Cancelling $http requests for fun and profit

17 Feb, 2015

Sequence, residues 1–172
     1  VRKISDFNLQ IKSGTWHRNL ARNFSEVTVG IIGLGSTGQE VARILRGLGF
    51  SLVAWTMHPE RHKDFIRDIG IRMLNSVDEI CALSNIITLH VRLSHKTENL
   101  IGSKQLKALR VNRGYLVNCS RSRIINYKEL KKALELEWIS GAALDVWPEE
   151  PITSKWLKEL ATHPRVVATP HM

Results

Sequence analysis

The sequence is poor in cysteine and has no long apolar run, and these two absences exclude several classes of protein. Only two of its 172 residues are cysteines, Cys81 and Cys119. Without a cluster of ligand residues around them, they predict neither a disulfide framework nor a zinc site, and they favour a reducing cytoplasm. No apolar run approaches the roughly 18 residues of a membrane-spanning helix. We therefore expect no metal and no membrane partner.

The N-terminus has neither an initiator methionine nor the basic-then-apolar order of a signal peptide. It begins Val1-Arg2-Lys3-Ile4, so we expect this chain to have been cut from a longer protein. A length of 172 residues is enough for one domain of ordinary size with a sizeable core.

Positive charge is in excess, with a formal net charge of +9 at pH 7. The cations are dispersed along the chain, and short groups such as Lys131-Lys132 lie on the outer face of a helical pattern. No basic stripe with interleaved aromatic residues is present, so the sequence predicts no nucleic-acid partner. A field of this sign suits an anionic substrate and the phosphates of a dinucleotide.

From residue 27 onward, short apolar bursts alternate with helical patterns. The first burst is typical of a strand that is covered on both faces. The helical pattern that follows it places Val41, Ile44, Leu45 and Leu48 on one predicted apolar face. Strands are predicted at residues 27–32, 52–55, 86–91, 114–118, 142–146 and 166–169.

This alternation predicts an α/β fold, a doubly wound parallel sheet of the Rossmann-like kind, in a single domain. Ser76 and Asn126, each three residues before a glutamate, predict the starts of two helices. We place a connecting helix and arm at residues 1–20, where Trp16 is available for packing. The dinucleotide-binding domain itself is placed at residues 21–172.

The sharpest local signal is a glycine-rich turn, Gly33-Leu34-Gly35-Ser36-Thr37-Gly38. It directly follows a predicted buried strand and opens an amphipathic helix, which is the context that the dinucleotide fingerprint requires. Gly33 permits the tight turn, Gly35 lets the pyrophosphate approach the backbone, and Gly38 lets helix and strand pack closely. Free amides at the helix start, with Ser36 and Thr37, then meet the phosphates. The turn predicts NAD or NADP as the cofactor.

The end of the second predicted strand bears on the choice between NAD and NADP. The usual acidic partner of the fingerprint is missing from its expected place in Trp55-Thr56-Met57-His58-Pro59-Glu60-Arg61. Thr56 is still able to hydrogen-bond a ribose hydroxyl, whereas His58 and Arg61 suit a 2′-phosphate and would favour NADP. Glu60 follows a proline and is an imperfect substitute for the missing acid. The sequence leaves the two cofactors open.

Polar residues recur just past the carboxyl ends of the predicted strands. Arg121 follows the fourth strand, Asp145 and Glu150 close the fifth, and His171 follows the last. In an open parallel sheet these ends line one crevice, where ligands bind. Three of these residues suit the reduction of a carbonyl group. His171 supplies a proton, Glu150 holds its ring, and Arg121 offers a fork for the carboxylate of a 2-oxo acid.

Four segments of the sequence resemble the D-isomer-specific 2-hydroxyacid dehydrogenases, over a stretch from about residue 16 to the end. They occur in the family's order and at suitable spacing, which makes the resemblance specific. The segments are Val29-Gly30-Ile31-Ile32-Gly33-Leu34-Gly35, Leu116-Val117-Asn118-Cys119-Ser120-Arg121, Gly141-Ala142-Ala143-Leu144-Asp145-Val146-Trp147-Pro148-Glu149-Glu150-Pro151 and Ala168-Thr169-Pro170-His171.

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At my current client, we have a large AngularJS application that is configured to show a full-page error whenever one of the $http requests ends up in error. This is implemented with an error interceptor as you would expect it to be. However, we’re also using some calculation-intense resources that happen to timeout once in a while. This combination is tricky: a user triggers a resource request when navigating to a certain page, navigates to a second page and suddenly ends up with an error message, as the request from the first page triggered a timeout error. This is a particular unpleasant side effect that I’m going to address in a generic way in this post. There are of course multiple solutions to this problem. We could create a more resilient implementation in the backend that will not time out, but accepts retries. We could change the full-page error in something less ‘in your face’ (but you still would get some out-of-place error notification). For this post I’m going to fix it using a different approach: cancel any running requests when a user switches to a different location (the route part of the URL). This makes sense; your browser does the same when navigating from one page to another, so why not mimic this behaviour in your Angular app? I’ve created a pretty verbose implementation to explain how to do this. At the end of this post, you’ll find a link to the code as a packaged bower component that can be dropped in any Angular 1.2+ app. To cancel a running request, Angular does not offer that many options. Under the hood, there are some places where you can hook into, but that won’t be necessary. If we look at the $http usage documentation, the timeout property is mentioned and it accepts a promise to abort the underlying call. Perfect! If we set a promise on all created requests, and abort these at once when the user navigates to another page, we’re (probably) all set. Let’s write an interceptor to plug in the promise in each request: [code language="javascript"] angular.module('angularCancelOnNavigateModule') .factory('HttpRequestTimeoutInterceptor', function ($q, HttpPendingRequestsService) { return { request: function (config) { config = config || {}; if (config.timeout === undefined && !config.noCancelOnRouteChange) { config.timeout = HttpPendingRequestsService.newTimeout(); } return config; } }; }); [/code] The interceptor will not overwrite the timeout property when it is explicitly set. Also, if the noCancelOnRouteChange option is set to true, the request won’t be cancelled. For better separation of concerns, I’ve created a new service (the HttpPendingRequestsService) that hands out new timeout promises and stores references to them. Let’s have a look at that pending requests service: [code language="javascript"] angular.module('angularCancelOnNavigateModule') .service('HttpPendingRequestsService', function ($q) { var cancelPromises = []; function newTimeout() { var cancelPromise = $q.defer(); cancelPromises.push(cancelPromise); return cancelPromise.promise; } function cancelAll() { angular.forEach(cancelPromises, function (cancelPromise) { cancelPromise.promise.isGloballyCancelled = true; cancelPromise.resolve(); }); cancelPromises.length = 0; } return { newTimeout: newTimeout, cancelAll: cancelAll }; }); [/code] So, this service creates new timeout promises that are stored in an array. When the cancelAll function is called, all timeout promises are resolved (thus aborting all requests that were configured with the promise) and the array is cleared. By setting the isGloballyCancelled property on the promise object, a response promise method can check whether it was cancelled or another exception has occurred. I’ll come back to that one in a minute. Now we hook up the interceptor and call the cancelAll function at a sensible moment. There are several events triggered on the root scope that are good hook candidates. Eventually I settled for $locationChangeSuccess. It is only fired when the location change is a success (hence the name) and not cancelled by any other event listener. [code language="javascript"] angular .module('angularCancelOnNavigateModule', []) .config(function($httpProvider) { $httpProvider.interceptors.push('HttpRequestTimeoutInterceptor'); }) .run(function ($rootScope, HttpPendingRequestsService) { $rootScope.$on('$locationChangeSuccess', function (event, newUrl, oldUrl) { if (newUrl !== oldUrl) { HttpPendingRequestsService.cancelAll(); } }) }); [/code] When writing tests for this setup, I found that the $locationChangeSuccess event is triggered at the start of each test, even though the location did not change yet. To circumvent this situation, the function does a simple difference check. Another problem popped up during testing. When the request is cancelled, Angular creates an empty error response, which in our case still triggers the full-page error. We need to catch and handle those error responses. We can simply add a responseError function in our existing interceptor. And remember the special isGloballyCancelled property we set on the promise? That’s the way to distinguish between cancelled and other responses. We add the following function to the interceptor: [code language="javascript"] responseError: function (response) { if (response.config.timeout.isGloballyCancelled) { return $q.defer().promise; } return $q.reject(response); } [/code] The responseError function must return a promise that normally re-throws the response as rejected. However, that’s not what we want: neither a success nor a failure callback should be called. We simply return a never-resolving promise for all cancelled requests to get the behaviour we want. That’s all there is to it! To make it easy to reuse this functionality in your Angular application, I’ve packaged this module as a bower component that is fully tested. You can check the module out on this GitHub repo.